There's an excellent article at Babelstone that explains this in great detail. (Kudos to @blunders for already mentioning it.) I'll try to summarize their findings.
Characters show up in several different ways:
- Borrowing directly from Chinese for either meaning or sound.
- Deriving from Chinese by adding or removing a few strokes.
- Borrowing from other Chinese-family scripts.
- Inventing new characters unrelated to those in Chinese.
Which methods were used most depends on the language.
- Khitan is closest to Chinese, either borrowing or deriving most of its characters directly from Chinese.
- Jurchen is a bit further away, deriving its characters from both Khitan and Chinese. Jurchen rarely borrows directly from Chinese.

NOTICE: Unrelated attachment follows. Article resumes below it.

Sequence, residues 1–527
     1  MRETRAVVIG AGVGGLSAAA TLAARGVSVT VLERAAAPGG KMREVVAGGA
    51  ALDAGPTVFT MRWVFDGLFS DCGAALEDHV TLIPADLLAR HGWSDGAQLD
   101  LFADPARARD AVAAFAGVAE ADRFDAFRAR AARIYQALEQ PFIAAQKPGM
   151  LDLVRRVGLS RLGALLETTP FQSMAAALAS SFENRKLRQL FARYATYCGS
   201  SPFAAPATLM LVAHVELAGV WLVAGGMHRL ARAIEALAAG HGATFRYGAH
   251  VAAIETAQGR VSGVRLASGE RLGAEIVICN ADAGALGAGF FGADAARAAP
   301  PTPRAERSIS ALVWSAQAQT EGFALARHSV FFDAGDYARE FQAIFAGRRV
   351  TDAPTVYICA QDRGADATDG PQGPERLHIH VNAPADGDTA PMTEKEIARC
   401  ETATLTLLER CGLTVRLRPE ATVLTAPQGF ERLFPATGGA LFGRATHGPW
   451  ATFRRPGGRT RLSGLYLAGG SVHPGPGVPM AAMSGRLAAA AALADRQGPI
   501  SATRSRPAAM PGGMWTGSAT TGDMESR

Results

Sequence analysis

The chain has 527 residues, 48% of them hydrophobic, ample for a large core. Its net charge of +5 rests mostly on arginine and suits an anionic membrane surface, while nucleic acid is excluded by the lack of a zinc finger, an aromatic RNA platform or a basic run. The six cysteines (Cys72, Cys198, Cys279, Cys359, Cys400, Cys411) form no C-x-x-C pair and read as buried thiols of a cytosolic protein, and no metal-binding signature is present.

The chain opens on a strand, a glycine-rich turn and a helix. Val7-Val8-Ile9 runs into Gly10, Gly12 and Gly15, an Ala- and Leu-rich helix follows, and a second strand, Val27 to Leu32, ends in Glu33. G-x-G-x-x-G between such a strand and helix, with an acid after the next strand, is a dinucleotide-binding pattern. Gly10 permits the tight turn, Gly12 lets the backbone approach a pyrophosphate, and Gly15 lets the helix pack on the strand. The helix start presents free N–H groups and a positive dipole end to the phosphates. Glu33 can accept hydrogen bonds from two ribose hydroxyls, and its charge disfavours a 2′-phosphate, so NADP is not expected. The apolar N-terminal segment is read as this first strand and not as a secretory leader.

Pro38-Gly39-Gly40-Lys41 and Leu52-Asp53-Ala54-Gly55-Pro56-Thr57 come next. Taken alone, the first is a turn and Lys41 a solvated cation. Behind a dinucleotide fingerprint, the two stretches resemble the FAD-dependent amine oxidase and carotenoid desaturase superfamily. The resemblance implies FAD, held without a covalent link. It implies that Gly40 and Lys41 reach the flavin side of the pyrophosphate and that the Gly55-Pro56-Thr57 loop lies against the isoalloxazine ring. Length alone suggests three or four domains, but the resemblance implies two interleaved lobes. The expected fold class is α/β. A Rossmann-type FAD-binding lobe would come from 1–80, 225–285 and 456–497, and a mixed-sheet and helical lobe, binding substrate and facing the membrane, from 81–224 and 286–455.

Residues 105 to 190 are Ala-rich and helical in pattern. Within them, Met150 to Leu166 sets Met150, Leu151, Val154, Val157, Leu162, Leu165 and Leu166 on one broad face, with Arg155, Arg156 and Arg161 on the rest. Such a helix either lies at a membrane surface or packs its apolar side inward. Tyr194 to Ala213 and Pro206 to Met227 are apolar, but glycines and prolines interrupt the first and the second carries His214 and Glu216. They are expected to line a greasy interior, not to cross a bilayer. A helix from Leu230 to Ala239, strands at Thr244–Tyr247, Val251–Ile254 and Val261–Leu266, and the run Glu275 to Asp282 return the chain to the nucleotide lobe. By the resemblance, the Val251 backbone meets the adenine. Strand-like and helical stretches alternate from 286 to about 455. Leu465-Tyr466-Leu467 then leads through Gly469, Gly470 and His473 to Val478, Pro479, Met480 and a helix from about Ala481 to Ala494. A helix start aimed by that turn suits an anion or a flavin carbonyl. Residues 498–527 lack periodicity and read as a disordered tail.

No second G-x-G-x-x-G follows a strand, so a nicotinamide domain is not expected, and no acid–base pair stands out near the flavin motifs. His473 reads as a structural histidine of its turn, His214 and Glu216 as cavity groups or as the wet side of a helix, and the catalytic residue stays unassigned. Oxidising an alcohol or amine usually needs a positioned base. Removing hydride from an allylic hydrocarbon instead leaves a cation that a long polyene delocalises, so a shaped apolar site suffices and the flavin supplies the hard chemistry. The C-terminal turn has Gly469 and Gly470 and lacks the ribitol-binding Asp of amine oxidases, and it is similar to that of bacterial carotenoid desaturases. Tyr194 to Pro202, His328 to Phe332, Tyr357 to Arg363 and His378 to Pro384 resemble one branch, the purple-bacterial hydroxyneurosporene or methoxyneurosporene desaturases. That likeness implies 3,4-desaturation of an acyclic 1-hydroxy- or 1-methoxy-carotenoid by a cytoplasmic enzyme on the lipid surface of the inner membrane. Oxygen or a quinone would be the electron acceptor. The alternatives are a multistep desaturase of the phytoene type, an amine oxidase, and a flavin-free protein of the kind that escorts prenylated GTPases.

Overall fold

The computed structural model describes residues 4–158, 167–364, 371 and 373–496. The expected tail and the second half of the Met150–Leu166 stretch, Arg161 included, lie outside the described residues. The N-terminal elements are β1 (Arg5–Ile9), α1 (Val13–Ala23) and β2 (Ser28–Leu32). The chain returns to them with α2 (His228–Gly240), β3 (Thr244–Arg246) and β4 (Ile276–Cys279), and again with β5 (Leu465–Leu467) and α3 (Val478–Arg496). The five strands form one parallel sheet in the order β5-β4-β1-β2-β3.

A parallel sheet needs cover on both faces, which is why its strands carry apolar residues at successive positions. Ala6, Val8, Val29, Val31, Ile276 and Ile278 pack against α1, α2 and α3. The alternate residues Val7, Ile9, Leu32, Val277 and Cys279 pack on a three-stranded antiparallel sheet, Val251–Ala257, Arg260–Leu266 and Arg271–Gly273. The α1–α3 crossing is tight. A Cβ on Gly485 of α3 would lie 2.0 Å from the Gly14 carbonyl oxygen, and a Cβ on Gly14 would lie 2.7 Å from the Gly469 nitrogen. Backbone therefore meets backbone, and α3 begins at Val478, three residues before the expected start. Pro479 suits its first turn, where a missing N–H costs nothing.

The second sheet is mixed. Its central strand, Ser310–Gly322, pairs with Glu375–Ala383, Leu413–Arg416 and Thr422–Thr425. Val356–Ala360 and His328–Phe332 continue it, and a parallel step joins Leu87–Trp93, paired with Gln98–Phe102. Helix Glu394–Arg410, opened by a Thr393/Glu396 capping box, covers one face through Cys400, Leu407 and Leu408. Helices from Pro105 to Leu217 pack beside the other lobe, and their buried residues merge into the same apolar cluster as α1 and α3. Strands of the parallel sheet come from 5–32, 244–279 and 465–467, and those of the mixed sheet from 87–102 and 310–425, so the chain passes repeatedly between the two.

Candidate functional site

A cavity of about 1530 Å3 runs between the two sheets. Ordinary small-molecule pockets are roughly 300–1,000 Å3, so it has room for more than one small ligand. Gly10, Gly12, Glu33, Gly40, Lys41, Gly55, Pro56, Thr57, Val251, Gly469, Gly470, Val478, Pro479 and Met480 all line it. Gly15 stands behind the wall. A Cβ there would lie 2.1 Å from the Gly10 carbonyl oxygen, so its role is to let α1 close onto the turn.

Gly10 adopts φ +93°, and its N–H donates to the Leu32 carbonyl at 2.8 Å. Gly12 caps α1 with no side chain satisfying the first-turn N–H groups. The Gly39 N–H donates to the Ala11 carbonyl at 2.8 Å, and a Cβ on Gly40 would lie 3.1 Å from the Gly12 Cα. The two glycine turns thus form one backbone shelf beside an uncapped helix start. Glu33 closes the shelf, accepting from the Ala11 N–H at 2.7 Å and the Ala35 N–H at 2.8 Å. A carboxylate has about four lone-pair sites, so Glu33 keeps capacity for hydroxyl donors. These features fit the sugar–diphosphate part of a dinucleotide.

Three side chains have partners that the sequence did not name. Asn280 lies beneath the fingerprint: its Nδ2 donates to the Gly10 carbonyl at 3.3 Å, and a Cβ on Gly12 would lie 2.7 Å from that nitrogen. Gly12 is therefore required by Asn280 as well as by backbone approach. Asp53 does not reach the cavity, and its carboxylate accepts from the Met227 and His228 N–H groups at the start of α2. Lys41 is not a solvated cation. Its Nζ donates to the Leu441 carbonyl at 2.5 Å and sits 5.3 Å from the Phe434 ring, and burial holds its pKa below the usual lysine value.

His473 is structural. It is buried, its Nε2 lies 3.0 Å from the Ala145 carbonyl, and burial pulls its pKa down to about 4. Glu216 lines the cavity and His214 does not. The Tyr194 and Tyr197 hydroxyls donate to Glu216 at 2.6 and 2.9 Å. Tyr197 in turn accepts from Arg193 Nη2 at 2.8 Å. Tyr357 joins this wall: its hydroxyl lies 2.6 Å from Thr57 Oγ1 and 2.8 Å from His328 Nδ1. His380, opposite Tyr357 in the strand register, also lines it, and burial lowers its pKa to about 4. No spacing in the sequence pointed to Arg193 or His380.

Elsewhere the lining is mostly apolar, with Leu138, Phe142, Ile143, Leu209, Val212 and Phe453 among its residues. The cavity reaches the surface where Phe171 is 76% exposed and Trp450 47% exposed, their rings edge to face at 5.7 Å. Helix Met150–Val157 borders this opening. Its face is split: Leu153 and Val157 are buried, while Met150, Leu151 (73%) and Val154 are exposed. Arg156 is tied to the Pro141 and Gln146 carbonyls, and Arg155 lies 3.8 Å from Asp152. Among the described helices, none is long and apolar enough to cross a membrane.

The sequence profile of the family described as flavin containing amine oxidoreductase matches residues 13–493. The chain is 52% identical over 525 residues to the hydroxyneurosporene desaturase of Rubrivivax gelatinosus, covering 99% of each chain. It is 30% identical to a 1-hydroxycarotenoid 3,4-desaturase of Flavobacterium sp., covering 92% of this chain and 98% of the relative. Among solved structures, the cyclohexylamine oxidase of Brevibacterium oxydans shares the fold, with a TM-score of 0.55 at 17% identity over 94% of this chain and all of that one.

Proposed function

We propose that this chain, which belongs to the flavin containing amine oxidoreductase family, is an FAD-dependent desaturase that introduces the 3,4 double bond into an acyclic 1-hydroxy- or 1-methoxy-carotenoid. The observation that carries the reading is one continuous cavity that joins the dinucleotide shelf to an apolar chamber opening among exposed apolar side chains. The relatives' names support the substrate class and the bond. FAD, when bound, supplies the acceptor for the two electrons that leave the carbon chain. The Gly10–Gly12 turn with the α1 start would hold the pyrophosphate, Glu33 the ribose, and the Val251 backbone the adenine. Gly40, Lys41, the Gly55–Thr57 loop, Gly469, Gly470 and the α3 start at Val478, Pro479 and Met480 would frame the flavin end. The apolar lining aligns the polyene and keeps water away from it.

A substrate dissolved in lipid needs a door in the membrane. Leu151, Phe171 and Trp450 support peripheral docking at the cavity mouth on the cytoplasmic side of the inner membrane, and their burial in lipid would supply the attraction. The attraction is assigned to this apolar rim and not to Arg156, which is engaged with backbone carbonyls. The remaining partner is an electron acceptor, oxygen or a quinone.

- Tangut is the furthest -- it looks Chinese-ish, since it uses mostly the same types of strokes, but its characters are not clearly derived from either Chinese or Khitan.
In short, I'd say Khitan is probably the most like Kanji in its relationship to Chinese. Tangut seems more like Hangul: an independent writing system that, because of its place in the Chinese cultural sphere, was made to look more or less Chinese-ish.